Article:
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Android’s Nuclear Football

The day after I pat Google on the back for doing something right, they go screw it up. What’s got me and others scratching our heads is there doesn’t seem to be a reason for it.

I’m talking about the so-called “kill switch” built into Android that lets Googlefolk remove installed applications from Android phones. We’ve known about its existence since the beginning of Android, it’s mentioned in the terms and conditions at the Google app store and the mainstream press took note as early as October of 2008. But, to me at least, it’s been something akin to the U.S. intercontinental nuclear arsenal. I don’t like it’s existence, but I figure that sane people are in charge and it’ll never get used.


But Google’s now used it, and has even bragged about that fact on the Android Developers Blog in a post by Android Security Lead, Rich Cannings:

“The remote application removal feature is one of many security controls Android possesses to help protect users from malicious applications. In case of an emergency, a dangerous application could be removed from active circulation in a rapid and scalable manner to prevent further exposure to users. While we hope to not have to use it, we know that we have the capability to take swift action on behalf of users’ safety when needed.”

The thing is, the same blog had already sought to assure us there was absolutely nothing dangerous about the apps removed. They weren’t malware, just deadware.

“These applications intentionally misrepresented their purpose in order to encourage user downloads, but they were not designed to be used maliciously, and did not have permission to access private data — or system resources beyond permission.INTERNET. As the applications were practically useless, most users uninstalled the applications shortly after downloading them.”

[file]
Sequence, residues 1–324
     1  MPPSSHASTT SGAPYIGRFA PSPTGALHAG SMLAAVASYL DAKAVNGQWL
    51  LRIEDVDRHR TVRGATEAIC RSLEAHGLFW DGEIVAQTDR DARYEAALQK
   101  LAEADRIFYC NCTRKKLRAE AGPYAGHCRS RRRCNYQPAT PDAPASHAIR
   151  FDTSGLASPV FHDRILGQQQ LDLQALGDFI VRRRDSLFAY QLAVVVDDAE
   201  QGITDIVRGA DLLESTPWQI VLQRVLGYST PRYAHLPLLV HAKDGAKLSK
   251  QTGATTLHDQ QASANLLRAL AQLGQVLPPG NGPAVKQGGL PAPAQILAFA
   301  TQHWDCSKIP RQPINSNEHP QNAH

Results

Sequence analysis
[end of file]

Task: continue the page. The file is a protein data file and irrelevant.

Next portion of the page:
I suppose the average Android user, who may be only vaguely aware that Android is open source or what open source means, won’t mind too much, if at all, that apps can be remotely removed from their phones without their input. Many users might even be pleased to know Google is standing over them, ready to protect them from any unscrupulous app that might hurt their smartphone or bank account .

But Houston, we’ve got a problem. This is open source, and such heavy handed we’re-going-to-take-over-your-device-for-your-own-good behavior goes completely against the spirit of the GPL.

It’s fine and dandy that Apple puts a similar switch on the iPhone (which they haven’t used) or that Amazon can delete books from Kindle (which they’ve ironically done with 1984), because they’re both proprietary systems. You don’t own the operating system on an iPhone or Kindle, you just have the right to use it.

That’s not the case with Android. You own the the operating system outright. According to the license, you have the right to modify it any way you like. You can sell it. You can give it away. You can do anything you like with it. It’s yours.

I’m reasonably sure that Google has good motives. After all, people do their banking and lots of other things on their cell phones that could put them at risk if an unscrupulous developer were to design a back door into an app that didn’t get caught until after it was downloaded. But good motives don’t make this right.

However, there is something Google can do that will allow them to keep this function without violating the spirit of the open source model. That something is called “choice.” Allow the user the ability to configure how the kill switch functions on his or her devise. The user could choose either “let Android automatically remove malicious applications,” “prompt me to remove malicious applications,” or “disable kill switch, entirely, I’m feeling lucky.”

If they did that, they could even make the first option the default.

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Christine Hall has been a journalist since 1971. In 2001, she began writing a weekly consumer computer column and started covering Linux and FOSS in 2002 after making the switch to GNU/Linux.

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